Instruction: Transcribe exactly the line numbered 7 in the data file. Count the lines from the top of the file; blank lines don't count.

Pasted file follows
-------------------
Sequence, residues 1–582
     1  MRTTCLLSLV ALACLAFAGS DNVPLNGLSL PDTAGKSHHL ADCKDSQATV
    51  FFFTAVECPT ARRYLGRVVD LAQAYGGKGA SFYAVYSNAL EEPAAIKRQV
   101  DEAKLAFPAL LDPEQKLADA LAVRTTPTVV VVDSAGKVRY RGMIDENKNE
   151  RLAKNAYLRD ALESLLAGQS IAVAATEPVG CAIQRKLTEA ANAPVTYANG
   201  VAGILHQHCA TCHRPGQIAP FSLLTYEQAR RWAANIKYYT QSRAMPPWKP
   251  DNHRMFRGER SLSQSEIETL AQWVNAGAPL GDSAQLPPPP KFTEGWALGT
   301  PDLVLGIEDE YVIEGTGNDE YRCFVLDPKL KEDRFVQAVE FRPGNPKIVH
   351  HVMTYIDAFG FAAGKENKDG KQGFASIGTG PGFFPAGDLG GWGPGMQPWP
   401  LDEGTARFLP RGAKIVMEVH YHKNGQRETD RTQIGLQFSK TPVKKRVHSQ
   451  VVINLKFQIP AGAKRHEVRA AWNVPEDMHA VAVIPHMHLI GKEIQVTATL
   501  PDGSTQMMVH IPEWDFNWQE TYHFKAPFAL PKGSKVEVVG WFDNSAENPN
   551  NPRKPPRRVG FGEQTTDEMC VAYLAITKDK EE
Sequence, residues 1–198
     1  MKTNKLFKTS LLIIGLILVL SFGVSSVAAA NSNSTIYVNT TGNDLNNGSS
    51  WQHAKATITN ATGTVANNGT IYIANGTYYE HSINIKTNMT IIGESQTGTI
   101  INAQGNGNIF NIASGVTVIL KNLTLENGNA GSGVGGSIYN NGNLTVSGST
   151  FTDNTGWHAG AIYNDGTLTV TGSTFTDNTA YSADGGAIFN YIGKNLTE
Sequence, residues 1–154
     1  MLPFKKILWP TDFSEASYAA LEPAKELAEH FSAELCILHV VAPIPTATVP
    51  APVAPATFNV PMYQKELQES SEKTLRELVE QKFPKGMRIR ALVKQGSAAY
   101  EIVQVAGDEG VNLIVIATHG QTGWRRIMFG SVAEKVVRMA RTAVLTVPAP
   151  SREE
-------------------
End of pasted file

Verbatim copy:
   251  DNHRMFRGER SLSQSEIETL AQWVNAGAPL GDSAQLPPPP KFTEGWALGT